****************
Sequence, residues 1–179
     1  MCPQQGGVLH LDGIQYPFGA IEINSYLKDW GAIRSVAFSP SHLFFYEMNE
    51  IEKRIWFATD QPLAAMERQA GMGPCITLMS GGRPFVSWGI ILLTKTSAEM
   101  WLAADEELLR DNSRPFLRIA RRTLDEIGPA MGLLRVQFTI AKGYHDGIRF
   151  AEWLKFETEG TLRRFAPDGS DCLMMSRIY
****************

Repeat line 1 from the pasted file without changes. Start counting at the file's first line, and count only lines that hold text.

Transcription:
Sequence, residues 1–179